I should have done my deposition today by Skype and told everyone it was the future of law; and that, I couldn't be bothered to show up or change out of my pajamas.

Aaron said...

Facebook etc. is a nice supplement to the real work it takes to build a practice -- you know, the four non-profit boards on which I sit, never-ending handshaking, and the endless rubber chicken banquets. Social media doesn't replace the real stuff, but it can enrich it.

Aaron said...

Facebook etc. is a nice supplement to the real work it takes to build a practice -- you know, the four non-profit boards on which I sit, never-ending handshaking, and the endless rubber chicken banquets. Social media doesn't replace the real stuff, but it can enrich it.

Christopher G. Hill said...

A great, and surprisingly upbeat post Brian. While my online presence seems to help with initial client contact, I am also old enough to remember pre-blog days so I know for a fact that the personal interaction and face to face contact with real people is the best way to build a practice.

Frankly, its more fun too!

Matthew Berry said...

I'm glad you got to realize this. A few weeks ago you posted about a student who engaged herself with the topic of advertising for lawyers, and how you found it refreshing to see a law student actually work hard and pursue substantive interests. You asked whether other students are also like her, or whether she was an anomaly. I meant to answer that question weeks ago; alas, I was too busy eating my lunch at my desk so I could get back to work as quickly as possible, and eventually forgot.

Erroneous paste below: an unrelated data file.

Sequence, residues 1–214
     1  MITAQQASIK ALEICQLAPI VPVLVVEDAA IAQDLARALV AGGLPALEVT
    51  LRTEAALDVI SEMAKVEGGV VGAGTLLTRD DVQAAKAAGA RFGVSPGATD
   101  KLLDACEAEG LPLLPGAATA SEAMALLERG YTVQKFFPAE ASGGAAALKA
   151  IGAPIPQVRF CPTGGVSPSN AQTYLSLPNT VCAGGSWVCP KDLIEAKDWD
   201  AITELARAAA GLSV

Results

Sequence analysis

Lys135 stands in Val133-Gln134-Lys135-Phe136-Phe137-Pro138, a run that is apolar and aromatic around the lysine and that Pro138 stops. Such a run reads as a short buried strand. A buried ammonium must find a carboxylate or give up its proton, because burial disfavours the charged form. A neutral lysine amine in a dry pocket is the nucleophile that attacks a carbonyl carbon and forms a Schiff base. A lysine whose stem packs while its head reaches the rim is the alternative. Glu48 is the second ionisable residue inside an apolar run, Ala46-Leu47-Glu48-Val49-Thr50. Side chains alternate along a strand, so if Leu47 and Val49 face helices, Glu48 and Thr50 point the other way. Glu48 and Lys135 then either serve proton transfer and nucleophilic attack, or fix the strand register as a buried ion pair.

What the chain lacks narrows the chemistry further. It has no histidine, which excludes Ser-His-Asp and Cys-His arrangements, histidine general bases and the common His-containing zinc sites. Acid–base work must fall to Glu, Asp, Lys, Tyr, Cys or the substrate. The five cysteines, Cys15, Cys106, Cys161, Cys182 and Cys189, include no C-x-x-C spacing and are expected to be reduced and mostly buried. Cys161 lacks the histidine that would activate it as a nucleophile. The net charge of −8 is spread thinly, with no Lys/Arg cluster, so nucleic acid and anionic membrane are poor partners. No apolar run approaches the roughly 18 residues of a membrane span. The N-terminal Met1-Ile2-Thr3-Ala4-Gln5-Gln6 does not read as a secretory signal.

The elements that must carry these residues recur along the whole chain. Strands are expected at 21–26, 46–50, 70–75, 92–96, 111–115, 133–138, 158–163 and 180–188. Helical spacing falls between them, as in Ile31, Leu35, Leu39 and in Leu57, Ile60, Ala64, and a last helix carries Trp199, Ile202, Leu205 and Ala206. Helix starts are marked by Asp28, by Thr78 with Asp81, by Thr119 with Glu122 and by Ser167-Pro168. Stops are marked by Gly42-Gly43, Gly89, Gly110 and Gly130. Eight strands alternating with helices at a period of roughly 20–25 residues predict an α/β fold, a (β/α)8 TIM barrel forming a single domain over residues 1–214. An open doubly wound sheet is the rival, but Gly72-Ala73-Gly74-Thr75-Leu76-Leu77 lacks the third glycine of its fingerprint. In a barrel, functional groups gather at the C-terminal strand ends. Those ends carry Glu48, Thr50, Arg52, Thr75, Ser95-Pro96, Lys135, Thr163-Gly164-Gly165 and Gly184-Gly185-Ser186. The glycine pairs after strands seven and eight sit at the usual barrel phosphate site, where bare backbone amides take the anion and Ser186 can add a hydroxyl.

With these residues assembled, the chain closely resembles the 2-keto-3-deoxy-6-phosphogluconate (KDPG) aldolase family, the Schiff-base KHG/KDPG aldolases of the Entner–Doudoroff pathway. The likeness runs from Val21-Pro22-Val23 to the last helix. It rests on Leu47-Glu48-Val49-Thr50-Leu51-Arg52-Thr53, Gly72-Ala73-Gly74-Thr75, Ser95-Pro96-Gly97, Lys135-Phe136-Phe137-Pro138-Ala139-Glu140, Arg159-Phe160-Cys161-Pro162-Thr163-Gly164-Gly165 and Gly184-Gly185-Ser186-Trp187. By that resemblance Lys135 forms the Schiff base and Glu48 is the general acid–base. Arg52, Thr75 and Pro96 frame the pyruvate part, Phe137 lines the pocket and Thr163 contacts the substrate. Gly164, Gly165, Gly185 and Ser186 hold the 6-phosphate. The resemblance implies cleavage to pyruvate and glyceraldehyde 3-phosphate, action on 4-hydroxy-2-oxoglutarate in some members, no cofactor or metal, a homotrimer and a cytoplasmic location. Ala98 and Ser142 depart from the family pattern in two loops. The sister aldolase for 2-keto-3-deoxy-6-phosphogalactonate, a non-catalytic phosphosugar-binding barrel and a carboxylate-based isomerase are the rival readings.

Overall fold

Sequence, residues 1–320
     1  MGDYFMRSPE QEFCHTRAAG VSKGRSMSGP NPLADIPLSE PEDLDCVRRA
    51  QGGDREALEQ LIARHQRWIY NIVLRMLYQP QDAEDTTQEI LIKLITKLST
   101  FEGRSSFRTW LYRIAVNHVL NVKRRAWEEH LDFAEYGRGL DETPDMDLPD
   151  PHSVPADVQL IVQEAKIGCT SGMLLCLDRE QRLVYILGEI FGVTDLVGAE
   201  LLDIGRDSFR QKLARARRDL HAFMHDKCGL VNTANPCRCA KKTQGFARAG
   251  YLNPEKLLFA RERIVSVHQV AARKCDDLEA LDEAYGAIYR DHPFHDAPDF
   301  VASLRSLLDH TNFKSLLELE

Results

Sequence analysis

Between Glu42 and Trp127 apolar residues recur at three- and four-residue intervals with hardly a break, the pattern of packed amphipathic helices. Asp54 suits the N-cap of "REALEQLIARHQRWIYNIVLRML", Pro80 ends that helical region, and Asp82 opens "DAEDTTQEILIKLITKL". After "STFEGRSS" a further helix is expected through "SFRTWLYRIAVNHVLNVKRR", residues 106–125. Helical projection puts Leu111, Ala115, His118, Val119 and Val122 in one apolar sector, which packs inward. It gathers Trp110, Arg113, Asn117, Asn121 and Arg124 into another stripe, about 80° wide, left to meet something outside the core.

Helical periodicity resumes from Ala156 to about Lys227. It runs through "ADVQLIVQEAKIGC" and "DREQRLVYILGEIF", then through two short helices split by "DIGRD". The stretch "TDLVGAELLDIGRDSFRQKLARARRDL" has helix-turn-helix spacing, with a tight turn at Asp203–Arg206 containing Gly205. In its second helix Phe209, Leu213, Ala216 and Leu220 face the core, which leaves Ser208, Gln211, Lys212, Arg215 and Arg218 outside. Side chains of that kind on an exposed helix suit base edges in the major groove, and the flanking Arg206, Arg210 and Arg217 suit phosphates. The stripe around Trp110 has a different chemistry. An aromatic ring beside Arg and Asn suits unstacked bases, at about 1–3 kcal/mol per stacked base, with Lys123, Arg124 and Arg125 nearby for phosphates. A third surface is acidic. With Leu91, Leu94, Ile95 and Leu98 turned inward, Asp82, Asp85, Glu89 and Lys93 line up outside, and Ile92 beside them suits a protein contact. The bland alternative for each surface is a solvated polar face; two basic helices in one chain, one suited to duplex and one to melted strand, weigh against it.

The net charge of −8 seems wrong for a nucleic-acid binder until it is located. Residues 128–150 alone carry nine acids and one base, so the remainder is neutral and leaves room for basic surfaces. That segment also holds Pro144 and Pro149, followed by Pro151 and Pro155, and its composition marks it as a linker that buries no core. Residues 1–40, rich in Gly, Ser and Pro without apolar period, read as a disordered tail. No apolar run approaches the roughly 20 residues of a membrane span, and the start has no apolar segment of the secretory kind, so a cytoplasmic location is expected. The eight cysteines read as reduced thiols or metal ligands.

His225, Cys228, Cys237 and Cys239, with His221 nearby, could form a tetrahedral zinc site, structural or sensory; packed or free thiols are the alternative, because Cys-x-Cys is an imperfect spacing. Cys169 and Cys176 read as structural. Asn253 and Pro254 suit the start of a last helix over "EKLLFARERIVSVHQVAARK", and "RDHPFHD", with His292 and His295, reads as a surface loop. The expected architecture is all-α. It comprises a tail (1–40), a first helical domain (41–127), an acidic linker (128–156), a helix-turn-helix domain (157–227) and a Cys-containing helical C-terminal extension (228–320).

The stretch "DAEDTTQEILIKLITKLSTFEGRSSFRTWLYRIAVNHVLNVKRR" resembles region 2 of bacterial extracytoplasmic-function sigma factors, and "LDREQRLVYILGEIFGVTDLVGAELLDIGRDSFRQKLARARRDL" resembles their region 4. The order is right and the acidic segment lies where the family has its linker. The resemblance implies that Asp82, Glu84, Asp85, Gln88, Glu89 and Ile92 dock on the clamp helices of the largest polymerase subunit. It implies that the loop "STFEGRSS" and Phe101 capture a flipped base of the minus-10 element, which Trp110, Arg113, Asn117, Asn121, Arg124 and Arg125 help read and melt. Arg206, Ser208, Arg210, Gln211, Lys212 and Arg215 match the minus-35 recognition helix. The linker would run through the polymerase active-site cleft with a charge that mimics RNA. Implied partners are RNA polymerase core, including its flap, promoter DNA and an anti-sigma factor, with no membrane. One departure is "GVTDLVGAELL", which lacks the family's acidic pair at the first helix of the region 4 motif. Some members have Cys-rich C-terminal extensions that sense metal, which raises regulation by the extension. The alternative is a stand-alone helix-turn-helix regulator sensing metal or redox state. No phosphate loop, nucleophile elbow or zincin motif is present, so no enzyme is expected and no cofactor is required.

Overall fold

I hope your recent experience has answered the question for me: YES, we are not all the I-want-it-all-and-I-want-it-now young lawyer. Most students do not care (or even know) about SEO, SMO, internet presence (read: self-puffery), etc. In fact, my experience (I just graduated in May from law school in chicago) was that most students recognize that the greatest opportunities for sustained success cannot be seen from a distance of more than a few milimeters from the grindstone. So we keep our noses pressed firmly against it - all the while volunteering to second-chair for free, pursuing research and writing articles for peer review and publication (in an edited medium, not just a blog - no offense), making face-to-face (and eye-to-eye) contact with both clients and other lawyers, acknowleding our own inexperience, etc.

The loudest amongst us may whine and holler about how to get rich quick, or sue whoever you can when that doesn't pan out, but most of us aren't like that. I enjoy your raging against the trends in lawyering which dominate the e-dialogue, but please remember that the majority of us are just working too hard to contribute to the conversation.

Jackie Carpenter said...

We have outstanding interns that are enthrallex with actually going to court. One sat with me at a recent trial and he loved it beyond words, stayed upbeat and perky the entire time, and did things I didn't even ask for just to be helpful. The social media gurus are, in my opinion, the anomaly.